Clear Your Gear: Campaign to decrease hook-related injuries to pelicans
When Beverly McKee visited Sanibel Island in 2013 she had never expected to be part of a rescue operation for an injured brown pelican.
The breast cancer survivor, author, and licensed therapist came to the island to heal after nine months of chemotherapy, but discovered an injured pelican with monofilament fishing line wrapped around his legs. She had been taking a sunrise walk along Lighthouse Beach, taking pictures of gnarling driftwood, when the pelican hopped in her frame and seemed to be posing, but she sensed that something was wrong.
“He couldn’t fly. He was vulnerable and asking me for help in the only way he knew how,” said McKee in an article she sent to the Island Reporter. “My heart melted for this poor little guy.”
She set out making several phone calls to find someone on the island who could help the pelican, and a police officer and assistant finally arrived with a towel and pet crate.
“The pelican gazed right into my eyes, pleading for help. I promised that I wouldn’t leave him until he was safe,” said McKee.
McKee, the police officer, and an assistant had a difficult time capturing the pelican at first, until a jogger agreed to help form a circle around the sea bird, wrap it in a towel, and gently place it inside the crate.
“I told him goodbye as he looked at me through the door of the crate,” she said. “It was an exhilarating feeling to be a part of saving his life.”
Injured seabirds like McKee’s brown pelican have become a common sight in recent years as thousands of visitors converge on Sanibel Island or Fort Myers Beach to lounge in the sand, rent kayaks, or take that first fishing expedition, yet without a licensed captain or extensive fishing experience they don’t always know how to properly dispose of used fishing gear.
Dr. Heather Barron, hospital director at Sanibel Island’s Clinic for the Rehabilitation of Wildlife (CROW), reported a 25 percent increase in the number of wildlife patients with hook or line injuries in 2013 — a large portion of which were pelicans.
“Overall, there was an increase, but certainly in sea birds, and we saw the most dramatic increase in pelicans,” said Barron. “Most of them do survive.”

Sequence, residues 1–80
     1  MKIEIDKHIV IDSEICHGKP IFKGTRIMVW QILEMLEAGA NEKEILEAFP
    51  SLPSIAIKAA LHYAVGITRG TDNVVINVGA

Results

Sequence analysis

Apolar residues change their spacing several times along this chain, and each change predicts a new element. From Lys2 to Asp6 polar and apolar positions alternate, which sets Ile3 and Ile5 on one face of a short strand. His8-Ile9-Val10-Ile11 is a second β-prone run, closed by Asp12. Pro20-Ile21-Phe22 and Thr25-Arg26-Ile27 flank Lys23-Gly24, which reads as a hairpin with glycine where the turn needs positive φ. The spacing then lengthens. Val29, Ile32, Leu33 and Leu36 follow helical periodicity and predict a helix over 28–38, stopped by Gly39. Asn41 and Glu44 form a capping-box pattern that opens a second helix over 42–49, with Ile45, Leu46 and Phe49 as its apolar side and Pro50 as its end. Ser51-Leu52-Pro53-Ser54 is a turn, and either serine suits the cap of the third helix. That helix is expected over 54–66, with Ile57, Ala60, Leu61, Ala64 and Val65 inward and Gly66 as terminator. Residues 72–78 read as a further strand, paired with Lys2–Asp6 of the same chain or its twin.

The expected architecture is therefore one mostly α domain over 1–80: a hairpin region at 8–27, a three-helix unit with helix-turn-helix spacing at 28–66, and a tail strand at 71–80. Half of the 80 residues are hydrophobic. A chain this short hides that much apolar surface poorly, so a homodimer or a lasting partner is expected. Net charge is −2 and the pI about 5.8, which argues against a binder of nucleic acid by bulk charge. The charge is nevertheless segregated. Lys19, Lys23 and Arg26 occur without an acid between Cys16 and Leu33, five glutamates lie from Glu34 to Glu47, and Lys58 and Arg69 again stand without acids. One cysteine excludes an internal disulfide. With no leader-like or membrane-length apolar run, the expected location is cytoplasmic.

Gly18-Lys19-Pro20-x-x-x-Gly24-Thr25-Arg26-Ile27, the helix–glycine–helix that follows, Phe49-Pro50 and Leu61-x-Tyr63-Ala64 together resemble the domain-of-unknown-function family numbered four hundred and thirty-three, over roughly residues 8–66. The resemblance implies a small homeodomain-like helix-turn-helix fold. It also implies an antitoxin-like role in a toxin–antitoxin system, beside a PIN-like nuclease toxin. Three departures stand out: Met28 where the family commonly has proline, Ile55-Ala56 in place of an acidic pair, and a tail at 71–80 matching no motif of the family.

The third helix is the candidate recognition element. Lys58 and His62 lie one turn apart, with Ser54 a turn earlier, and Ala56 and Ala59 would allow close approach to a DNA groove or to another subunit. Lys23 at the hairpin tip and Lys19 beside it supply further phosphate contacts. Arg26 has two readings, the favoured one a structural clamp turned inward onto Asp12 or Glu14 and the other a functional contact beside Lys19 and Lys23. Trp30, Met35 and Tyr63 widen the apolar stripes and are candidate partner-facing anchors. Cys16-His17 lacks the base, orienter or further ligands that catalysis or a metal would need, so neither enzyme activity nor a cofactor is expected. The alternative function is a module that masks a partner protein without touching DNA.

She added that many of the surviving pelicans are displaying an unusual complication, seven to 10 days after receiving treatment, when the birds develop a septic infection in their joints.
“We do have a fairly good success rate, if people can get them into us right away,” she said.
The island clinic treats over 3,500 injured animals from Southwest Florida each year through partnerships with local veterinarians who act as drop-off and holding sites before animals are sent to the CROW facility. Only 15 percent of their patients come from Sanibel Island, said Barron, and most of the animals are saved.
Claudia Burns, an island resident and an environmental volunteer, said she started observing the effects of entanglement — on animals and also within the Mangrove ecosystem — a decade ago. As a result, Doris Hardy, current vice president of the “Ding” Darling Wildlife Society’s Board of Directors, organized volunteers to kayak through the refuge to remove improperly disposed gear and identify injured wildlife.
During their weekly clean-ups, typically on Fridays when the refuge was closed, they documented what they saw in photographs, and started developing the island’s “Clear Your Gear” campaign, a regional partnership between “Ding” Darling, CROW, the National Wildlife Refuge System, and the U.S. Fish & Wildlife Service.
They created a vivid slide show presentation with pictures of all the injured wildlife they had come across, and stress the importance of prevention through proper disposal.
“We are trying to develop an educational program to let people know,” said Burns. “It’s basically ignorance, no one does it on purpose.”
Organizations on the local, state, national, and international level are also educating and working with the public on this issue. Students from Sanibel Sea School, for instance, installed monofilament disposal tubes near the causeway last summer, Keep Lee County Beautiful (klcb.org) hosts the Monofilament Madness, and local volunteers assist annually in the worldwide Ocean Conservancy’s Coastal Cleanup.
Burns said many visitors also throw filleted carcasses to pelicans without realizing that they encourage the birds to beg and may contain hooks that are accidentally ingested. Not only does she hope the campaign will decrease the amount of injures, but it may eventually lead to an advisory panel of experts to develop best practices for novice anglers.
After a similar campaign by the Conservancy of Southwest Florida, the Naples City Council voted on April 2 to ban the use of lures with multiple hooks, which have been found stuck to animals near the pier. In Dec. 2013, the Conservancy reported a 1,700-percent increase in the amount of injured pelicans admitted to the Von Arx Wildlife Hospital in Naples.
Conservancy staff had installed signs at the pier, funded two part-time patrol officers, and initiated a public education campaign that resulted in the ban.
Barron said there is a lot of opportunity for agencies to work together to end unnecessary wildlife injuries.
“We have had a lot of people who have really helped us with this effort, certainly most of the bait, fish, and tackle shops on the island, and Ding Darling has been very supportive,” said Barron. “I think there is a lot of potential for collaboration and this is definitely a problem that all of us have to work together to solve.”